There’s a draw cord at the hem for keeping out drafts. I keep this partially cinched and don’t adjust it often unless I’m really battening down the hatches for cold and windy weather.

The draw cord is adjustable on both left and right, though it’s not easy to adjust with a single hand.

Packed Size

We often talk about warmth-to-weight ratio, but the Cerium’s warmth-to-packed-size ratio is also surprisingly good. Though it weighs a few ounces more than my Ghost Whisperer it takes up only a little bit more space. With both packed in their included stuff sacks the difference in size is barely noticeable.

Cerium in the middle, Ghost Whisperer on the left, 1 liter water bottle for scale on right.

A tight bikepacking setup is often more space constrained than a backpacking setup, at least with the gear I use. When I’m stuffing my gear into small and awkwardly-shaped bikepacking bags, the Cerium leaves plenty of room for my other layers. By contrast, my less expensive 600 fill down jacket could fill a small seat bag on its own.

While some down jackets (like the Ghost Whisperer) pack into their own pocket, the Cerium comes with a lightweight stuff sack tethered to the inside of the chest pocket. It’s removable and I never use it, preferring to just stuff my jacket into whatever nook and cranny is available.


I’ve been happy with the Cerium’s durability over two years of periodic multi-month trips. Only a couple feathers have tried to poke through (typical for most down jackets) and overall the jacket still looks like new. Arc’teryx is known for their quality construction and premium feel, and the Cerium is no exception.

That said, this jacket isn’t made to take much abuse. If you’re doing a lot of abrasive activities in your puffy jacket – climbing, bushwhacking, etc – a more robust model like the Outdoor Research Helium Down Hoody is worth considering. For typical backpacking, bikepacking, and use around camp, however, the Cerium is plenty durable.

Zippers are generally the first thing to fail on my most-loved gear, and I do wonder how long the Cerium’s lightweight zipper will last. So far it’s still going strong, but I’d suggest being gentle.

Water Resistance

The Cerium uses strategically placed synthetic insulation at the cuffs, collar, underarms, and shoulders where moisture buildup is more likely. This helps retain warmth even if those areas get a little damp. It also uses a moisture-resistant outer fabric to slow the seeping of moisture into the insulation.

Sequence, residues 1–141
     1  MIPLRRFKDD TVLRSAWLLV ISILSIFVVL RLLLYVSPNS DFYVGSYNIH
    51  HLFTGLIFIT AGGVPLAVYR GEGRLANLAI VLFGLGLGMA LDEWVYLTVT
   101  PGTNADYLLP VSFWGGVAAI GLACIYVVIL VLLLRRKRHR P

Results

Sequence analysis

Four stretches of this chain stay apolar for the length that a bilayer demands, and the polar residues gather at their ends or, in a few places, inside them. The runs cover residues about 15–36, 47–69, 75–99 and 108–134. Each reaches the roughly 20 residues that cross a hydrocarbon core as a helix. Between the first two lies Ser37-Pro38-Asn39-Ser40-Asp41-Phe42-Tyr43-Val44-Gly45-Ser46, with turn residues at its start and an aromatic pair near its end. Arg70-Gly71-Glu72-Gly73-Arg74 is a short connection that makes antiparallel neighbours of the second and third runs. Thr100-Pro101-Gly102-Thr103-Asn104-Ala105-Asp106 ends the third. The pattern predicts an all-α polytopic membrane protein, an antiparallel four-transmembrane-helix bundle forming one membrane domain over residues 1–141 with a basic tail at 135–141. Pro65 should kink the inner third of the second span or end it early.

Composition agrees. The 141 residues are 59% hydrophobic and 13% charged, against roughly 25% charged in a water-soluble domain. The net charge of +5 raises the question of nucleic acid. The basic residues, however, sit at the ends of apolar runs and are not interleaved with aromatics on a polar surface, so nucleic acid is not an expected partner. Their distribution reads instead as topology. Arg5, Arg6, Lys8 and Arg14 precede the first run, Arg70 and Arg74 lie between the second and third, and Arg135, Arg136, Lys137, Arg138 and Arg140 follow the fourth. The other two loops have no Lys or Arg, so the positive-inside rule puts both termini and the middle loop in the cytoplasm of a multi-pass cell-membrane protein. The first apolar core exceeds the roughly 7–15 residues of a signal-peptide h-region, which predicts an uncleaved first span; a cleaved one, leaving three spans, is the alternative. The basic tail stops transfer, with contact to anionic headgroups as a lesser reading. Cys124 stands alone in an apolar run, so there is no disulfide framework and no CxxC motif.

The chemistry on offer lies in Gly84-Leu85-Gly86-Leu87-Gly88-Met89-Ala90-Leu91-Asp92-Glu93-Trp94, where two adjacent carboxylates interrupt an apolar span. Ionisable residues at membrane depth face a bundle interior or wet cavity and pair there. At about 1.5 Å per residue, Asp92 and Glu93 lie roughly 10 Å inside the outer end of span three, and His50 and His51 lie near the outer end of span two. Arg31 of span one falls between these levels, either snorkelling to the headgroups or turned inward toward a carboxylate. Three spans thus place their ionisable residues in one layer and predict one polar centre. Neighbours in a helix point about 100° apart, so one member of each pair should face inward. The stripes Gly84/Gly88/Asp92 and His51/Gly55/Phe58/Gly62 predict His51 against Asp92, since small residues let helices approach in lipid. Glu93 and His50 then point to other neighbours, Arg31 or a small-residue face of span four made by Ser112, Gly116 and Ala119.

Keep in mind though, this is still a down jacket. These features may buy you a few seconds while you’re rushing to dig your shell out of your pack, or keep you a little warmer on a foggy morning, but you’re still going to need a rain jacket.

Price and Value

Like all Arc’teryx products, the Cerium is a premium option at a premium price. You’ll find cheaper down jackets for sure, though few can match the Cerium’s warmth-to-weight and warmth-to-space ratios.

If you’re on a budget and/or not especially concerned with the weight of your gear, it may not be worth the price. If you’re backpacking or bikepacking and haven’t already optimized your “big three,” you can likely save more ounces per dollar spent by choosing a lighter shelter or sleep system, or just leaving behind a few luxury items.

On the other hand, if you spend a lot of time in your down jacket, value a light and streamlined kit, and have the money to spare, it’s hard to go wrong with the Cerium.

Other Options to Consider

Here’s a sample of other 800+ fill down jackets / hoodies to consider alongside the Cerium:

North Face Summit Breithorn Jacket$35012.35 oz
Patagonia Down Sweater Jacket$27912.2 oz
REI Co-op Magma 850 Hoody$21911.5 oz
Feathered Friends Eos Hoody$40910 oz

You can also find heavier jackets for lower prices; look for 600 – 700 fill down. Generally speaking, the rule is “light, warm, affordable – pick two!”

In Conclusion

The Arc’teryx Cerium is a premium down jacket for active adventurers seeking a high warmth-to-weight ratio and small packed size. It’s hard to go wrong with the Cerium’s comfortable layer-friendly fit, well-designed features, and sustainable materials and manufacturing, but all this comes at a higher price than some alternatives.

You’ll love the Cerium if: you spend a lot of time in your down jacket, value a light and streamlined kit, prefer an athletic fit over boxy, and have the money to spare.

Learn more or buy the Cerium at Arc’teryx or REI.

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About the Author

Hi there, I’m Alissa, founder of Exploring Wild. I’ve had the pleasure of hiking the Arizona Trail, Colorado Trail, John Muir Trail, Tahoe Rim Trail, and countless shorter amazing trails throughout the US and abroad. I love solitude, big views, and a good lightweight gear setup. Learn more here.